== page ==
The beginning of November did not promise anything special for the mobile technology world: no major industry events or significant product launches. However, this month has proven to be just as busy and eventful as August or September – when, as you know, Samsung and Apple launched their most recent flagship phones.
November saw an unlikely company joining the already busy world of phone manufacturers. Also, an innovative wearable promises to change the way we send text messages on mobile phones. A significant mobile security threat makes phone owners recheck every app they have on their phones. And finally, we are looking forward to January and the Consumer Electronics Show in Las Vegas and a rumored product launch to take place during this event.
If the summary of this month’s top mobile technology news and events sounds interesting to you, then keep reading below:
Razer Launches a Mobile Phone for Gamers
Known as a manufacturer of rigs, accessories and peripherals, Razer decided to enter the mobile phone manufacturing niche. Their matter-of-fact titled Razer Phone is, from the first glance, a device created for gamers.
The first thing we note in this device is the display – 5.7-inch, 1,440 x 2,560 pixels and the only type of mobile phone screen so far with 120Hz refresh rate – a key feature for real-time RPGs and first-person shooters.
Since sound is just as important as video in games, the Razer Phone has dual front-facing speakers with integrated amplifiers and supports the Dolby Atmos standard. The chipset is a powerful Snapdragon 835 CPU, and the phone also includes 8GB of RAM and a 4,000-mAh battery. The manufacturer claims that Razer Phone can be used continually for seven hours of gaming or 12.5 hours of watching movies.
Tap – The Wearable That Wants to Change The Way You Type
Smartphones with touch screens have certainly changed for the better the way we type text messages. Now an innovative wearable named Tap wants to take things further – namely to turn our fingers into a Bluetooth keyboard.
Tap looks like a series of rubber rings, connected by flexible small cables, to be worn on each finger of the hand – in a similar manner to brass knuckles. The Bluetooth sensors incorporated in each ring associates a vowel with each finger. To obtain consonants, a combination of fingers needs to be used.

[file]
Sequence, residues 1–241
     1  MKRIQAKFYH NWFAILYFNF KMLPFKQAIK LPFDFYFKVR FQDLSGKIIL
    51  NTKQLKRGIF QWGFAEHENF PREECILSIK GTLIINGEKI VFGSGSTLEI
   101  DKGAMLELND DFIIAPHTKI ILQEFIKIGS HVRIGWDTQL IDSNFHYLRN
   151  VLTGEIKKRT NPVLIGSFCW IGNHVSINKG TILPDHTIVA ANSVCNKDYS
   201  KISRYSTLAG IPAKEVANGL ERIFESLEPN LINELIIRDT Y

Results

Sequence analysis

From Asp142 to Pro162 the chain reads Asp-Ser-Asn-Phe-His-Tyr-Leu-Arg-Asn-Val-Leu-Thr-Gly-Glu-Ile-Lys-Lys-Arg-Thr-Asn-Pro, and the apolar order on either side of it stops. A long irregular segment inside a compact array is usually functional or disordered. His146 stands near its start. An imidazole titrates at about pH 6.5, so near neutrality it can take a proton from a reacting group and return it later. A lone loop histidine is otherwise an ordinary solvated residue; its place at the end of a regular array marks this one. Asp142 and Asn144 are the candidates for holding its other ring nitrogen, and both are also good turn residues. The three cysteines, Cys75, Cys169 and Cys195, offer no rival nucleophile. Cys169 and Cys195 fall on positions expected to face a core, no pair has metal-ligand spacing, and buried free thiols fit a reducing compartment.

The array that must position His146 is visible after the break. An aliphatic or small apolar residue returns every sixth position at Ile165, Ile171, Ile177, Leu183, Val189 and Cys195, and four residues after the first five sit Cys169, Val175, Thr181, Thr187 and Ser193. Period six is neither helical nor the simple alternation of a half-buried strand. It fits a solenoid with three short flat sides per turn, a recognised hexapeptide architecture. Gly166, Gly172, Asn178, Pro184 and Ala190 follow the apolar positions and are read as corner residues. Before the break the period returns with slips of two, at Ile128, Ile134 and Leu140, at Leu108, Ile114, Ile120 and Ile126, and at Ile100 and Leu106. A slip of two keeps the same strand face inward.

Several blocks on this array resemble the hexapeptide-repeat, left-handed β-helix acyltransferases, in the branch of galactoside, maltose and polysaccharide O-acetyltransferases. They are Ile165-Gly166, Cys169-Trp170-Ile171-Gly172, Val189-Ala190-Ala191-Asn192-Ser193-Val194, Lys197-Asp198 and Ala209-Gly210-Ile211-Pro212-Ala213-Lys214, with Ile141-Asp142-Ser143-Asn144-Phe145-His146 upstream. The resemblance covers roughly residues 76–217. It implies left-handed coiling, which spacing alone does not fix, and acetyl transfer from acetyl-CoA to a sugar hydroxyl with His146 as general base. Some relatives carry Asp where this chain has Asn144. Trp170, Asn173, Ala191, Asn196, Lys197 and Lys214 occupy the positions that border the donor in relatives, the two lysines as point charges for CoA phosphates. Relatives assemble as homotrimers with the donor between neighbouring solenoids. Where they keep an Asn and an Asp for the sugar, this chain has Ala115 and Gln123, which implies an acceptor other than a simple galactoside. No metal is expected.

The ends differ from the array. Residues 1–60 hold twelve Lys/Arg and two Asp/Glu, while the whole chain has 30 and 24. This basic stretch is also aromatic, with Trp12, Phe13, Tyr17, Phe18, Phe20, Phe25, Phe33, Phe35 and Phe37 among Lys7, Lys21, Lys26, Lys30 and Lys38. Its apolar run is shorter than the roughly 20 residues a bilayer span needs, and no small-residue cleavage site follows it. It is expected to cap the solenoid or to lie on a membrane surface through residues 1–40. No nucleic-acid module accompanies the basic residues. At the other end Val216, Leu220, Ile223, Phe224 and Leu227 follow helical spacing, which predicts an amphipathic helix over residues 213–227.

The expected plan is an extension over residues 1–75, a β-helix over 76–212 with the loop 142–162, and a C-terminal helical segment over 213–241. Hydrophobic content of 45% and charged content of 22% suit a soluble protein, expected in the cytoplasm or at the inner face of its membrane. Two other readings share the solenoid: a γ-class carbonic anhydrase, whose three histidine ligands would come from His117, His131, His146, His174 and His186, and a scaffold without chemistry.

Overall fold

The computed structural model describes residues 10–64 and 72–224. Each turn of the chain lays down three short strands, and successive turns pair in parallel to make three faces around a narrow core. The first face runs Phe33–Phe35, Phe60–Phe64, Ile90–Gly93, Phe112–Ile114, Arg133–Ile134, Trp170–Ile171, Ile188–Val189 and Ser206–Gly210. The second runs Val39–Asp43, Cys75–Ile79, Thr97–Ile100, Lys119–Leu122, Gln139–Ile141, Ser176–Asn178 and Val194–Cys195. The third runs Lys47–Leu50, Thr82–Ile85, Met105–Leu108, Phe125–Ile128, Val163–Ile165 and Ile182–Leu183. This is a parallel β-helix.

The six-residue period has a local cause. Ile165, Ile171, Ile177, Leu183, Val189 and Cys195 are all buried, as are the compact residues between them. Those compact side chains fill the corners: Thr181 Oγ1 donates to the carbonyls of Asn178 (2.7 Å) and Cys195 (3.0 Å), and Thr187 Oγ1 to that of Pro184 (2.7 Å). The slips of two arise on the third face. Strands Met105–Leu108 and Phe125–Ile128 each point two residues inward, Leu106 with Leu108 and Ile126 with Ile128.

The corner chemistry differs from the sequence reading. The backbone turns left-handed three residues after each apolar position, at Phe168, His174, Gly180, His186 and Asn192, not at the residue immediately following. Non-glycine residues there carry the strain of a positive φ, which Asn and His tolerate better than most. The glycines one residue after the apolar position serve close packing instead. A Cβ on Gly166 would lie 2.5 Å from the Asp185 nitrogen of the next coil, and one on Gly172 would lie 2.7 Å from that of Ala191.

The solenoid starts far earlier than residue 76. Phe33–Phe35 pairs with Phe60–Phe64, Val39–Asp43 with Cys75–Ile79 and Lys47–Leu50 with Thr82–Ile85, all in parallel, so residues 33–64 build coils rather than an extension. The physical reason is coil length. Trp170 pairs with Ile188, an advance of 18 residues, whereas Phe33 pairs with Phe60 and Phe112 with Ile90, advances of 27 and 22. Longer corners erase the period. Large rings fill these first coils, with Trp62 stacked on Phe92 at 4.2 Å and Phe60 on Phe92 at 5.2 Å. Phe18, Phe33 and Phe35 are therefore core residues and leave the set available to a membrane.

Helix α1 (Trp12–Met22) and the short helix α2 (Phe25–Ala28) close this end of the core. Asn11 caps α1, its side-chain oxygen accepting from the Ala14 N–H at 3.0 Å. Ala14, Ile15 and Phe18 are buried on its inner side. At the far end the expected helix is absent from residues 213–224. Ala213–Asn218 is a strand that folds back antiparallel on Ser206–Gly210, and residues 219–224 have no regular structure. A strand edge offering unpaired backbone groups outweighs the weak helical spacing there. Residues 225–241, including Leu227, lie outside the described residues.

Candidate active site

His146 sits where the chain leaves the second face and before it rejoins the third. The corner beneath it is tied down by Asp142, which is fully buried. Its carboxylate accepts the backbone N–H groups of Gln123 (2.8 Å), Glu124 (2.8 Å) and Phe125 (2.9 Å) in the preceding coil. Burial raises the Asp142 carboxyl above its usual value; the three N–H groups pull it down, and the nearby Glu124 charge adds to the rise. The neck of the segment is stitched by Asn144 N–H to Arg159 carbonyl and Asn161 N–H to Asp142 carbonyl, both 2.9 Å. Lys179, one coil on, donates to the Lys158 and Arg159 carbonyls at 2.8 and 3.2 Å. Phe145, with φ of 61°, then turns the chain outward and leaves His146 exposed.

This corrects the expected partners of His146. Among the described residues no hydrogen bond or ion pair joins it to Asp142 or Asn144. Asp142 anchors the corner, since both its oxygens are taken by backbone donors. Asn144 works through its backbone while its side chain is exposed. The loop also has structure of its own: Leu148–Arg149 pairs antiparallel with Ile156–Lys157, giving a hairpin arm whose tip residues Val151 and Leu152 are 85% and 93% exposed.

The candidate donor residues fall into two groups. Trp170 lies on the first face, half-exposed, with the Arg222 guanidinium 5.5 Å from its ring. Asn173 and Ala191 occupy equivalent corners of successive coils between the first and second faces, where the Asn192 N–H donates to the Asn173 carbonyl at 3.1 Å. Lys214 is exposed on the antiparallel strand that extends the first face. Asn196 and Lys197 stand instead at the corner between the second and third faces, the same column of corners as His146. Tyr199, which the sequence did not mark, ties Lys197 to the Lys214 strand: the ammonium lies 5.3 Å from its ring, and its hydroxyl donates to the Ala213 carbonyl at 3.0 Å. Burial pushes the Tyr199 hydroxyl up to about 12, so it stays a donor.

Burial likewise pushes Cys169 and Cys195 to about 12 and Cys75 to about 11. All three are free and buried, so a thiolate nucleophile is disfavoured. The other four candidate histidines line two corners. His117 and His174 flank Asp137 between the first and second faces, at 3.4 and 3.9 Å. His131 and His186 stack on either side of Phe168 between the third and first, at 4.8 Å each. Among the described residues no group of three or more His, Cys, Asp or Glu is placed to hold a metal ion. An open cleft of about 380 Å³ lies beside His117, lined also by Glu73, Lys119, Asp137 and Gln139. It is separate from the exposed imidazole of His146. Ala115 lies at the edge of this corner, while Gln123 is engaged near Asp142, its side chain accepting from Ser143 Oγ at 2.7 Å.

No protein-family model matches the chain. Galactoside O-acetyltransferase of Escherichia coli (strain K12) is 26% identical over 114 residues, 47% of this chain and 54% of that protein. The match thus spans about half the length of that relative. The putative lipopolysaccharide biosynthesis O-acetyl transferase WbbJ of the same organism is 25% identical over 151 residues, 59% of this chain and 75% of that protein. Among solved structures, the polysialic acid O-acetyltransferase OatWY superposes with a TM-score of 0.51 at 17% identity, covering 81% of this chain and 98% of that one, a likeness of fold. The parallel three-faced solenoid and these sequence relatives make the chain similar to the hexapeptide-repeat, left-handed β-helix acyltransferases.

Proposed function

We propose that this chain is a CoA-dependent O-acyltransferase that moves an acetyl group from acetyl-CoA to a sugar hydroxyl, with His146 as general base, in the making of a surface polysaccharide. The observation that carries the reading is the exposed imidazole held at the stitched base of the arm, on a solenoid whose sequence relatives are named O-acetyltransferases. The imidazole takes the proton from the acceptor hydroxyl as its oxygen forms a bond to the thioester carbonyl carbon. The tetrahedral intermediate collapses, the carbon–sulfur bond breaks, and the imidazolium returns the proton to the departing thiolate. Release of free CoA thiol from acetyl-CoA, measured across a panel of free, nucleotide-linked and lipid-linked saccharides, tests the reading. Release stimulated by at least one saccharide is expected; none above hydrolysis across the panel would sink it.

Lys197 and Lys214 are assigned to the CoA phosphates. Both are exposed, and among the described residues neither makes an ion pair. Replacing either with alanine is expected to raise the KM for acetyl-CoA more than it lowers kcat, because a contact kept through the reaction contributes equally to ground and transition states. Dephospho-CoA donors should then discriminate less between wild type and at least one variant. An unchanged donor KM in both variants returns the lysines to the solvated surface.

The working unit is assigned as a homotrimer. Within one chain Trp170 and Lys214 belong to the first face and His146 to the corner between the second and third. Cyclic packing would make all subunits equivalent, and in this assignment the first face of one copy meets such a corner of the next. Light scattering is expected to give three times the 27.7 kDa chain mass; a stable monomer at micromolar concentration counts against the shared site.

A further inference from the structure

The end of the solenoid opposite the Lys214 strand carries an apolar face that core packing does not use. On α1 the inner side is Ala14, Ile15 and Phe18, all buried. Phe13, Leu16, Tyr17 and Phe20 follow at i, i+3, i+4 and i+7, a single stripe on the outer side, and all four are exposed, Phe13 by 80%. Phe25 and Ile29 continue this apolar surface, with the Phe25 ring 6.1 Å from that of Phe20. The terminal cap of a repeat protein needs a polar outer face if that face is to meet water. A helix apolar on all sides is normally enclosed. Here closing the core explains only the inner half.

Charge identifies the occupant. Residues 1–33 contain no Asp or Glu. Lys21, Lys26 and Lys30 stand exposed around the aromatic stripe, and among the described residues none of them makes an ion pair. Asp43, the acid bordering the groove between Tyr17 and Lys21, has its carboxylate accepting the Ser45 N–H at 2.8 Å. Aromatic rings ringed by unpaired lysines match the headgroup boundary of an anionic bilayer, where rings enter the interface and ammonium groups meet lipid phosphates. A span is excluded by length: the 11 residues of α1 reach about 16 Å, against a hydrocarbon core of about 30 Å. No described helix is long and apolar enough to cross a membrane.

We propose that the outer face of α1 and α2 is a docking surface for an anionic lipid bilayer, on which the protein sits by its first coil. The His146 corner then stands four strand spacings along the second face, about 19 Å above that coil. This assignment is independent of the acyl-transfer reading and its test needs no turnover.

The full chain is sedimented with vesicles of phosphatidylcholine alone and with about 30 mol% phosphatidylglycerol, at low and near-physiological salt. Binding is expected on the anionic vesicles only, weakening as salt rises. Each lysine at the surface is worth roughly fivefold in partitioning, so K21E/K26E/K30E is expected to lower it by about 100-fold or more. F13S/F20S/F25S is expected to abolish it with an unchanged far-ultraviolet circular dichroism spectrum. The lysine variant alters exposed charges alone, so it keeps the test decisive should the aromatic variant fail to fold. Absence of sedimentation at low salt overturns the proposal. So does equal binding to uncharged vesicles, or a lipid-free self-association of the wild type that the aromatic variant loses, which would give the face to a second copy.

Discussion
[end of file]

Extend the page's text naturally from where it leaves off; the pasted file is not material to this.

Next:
While it is quite difficult for beginners to learn the correct combination of taps, the device offers remarkable accuracy on various surfaces, from polished table to blue jeans. Once charged, the Tap wearable can be used for up to eight days.
The product is available for pre-orders from Thanksgiving and costs $130.
Samsung Rumored to Unveil Galaxy S9 and S9+ at CES 2018
The rumor seems to originate from “someone briefed on the company’s plans” according to GSMArena. At any rate, Samsung is allegedly changing their approach for its flagship devices: the S9 and S9+ will be the same size, and will be differentiated by the hardware and performances.
Thus, S9 will have 4GB RAM, while the S9+ model will have 6GB of memory. S9 will feature a single rear camera and S9+, dual cameras. The fingerprint sensor will allegedly be arranged vertically with the scanner camera at the bottom – most likely in response to customers’ complaints concerning the uncomfortable placement of this sensor in the S8 model. Another innovation to be incorporated in the new flagships will be the AKG stereo speakers.
In terms of chipset, it will probably be a brand new Exynos model, or the Qualcomm Snapdragon 845. Both phones will offer a generous 64GB internal storage space. The 3.5 headphone jack will stay, as well as the microSD card slot.
Since January is not very far ahead, we will be looking forward to see how many of these rumored features will be actually found on the devices launched by Samsung at the Las Vegas CES 2018 event.
Eavesdropper Vulnerability Hits Android Apps
The mobile security company Appthority issued the warning that over 700 Android apps – 170 of them being included in the official Google Play store – are affected by a vulnerability named Eavesdropper.
Eavesdropper is able to collect a great amount of sensitive data such as: call records, contents of SMS and MMS messages, and minutes of calls and call audio recordings made on the infected mobile phone. The apps likely to be infected with this vulnerability are those developed with the Twilio Rest API or SDK.
For now, the only recommendation made by Appthority is for users to find similar apps and uninstall the vulnerable ones. As for app owners: “In all cases, the enterprise should contact developers to have them delete exposed files,” advised Seth Hardy, Director of Security Research at Appthority, when speaking with TechNewsWorld.